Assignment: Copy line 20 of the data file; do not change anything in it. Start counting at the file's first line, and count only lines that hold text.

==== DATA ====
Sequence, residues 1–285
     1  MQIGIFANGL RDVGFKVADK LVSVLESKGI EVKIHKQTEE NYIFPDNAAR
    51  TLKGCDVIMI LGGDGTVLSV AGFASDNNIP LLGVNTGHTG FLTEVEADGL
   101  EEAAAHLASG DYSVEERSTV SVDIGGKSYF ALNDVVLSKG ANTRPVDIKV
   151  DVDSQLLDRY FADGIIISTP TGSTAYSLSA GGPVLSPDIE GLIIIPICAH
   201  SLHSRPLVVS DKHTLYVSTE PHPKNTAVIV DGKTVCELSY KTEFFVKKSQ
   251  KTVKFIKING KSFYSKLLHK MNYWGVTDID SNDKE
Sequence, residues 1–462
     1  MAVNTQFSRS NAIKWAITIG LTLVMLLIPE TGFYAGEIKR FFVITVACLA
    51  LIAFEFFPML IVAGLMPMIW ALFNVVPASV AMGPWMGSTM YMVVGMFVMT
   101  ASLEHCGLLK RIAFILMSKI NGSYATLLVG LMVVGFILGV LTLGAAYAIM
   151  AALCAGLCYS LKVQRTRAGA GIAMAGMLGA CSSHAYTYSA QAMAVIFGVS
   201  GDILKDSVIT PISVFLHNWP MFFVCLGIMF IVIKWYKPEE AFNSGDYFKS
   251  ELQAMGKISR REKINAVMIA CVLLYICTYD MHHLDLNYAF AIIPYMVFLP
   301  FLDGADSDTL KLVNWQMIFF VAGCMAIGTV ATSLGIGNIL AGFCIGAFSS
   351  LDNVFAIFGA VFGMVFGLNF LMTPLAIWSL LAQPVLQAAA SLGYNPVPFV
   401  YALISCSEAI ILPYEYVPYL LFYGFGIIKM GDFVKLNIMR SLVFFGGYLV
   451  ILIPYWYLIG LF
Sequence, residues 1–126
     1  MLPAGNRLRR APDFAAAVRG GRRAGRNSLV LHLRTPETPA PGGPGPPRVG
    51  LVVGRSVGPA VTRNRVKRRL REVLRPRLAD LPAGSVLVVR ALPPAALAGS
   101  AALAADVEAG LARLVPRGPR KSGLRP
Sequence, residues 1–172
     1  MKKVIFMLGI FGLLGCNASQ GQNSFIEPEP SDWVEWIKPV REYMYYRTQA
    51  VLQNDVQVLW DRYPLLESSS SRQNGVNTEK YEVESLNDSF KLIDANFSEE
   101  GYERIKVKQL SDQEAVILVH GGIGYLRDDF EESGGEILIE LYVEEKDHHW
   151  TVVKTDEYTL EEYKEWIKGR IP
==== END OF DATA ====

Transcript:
     1  MLPAGNRLRR APDFAAAVRG GRRAGRNSLV LHLRTPETPA PGGPGPPRVG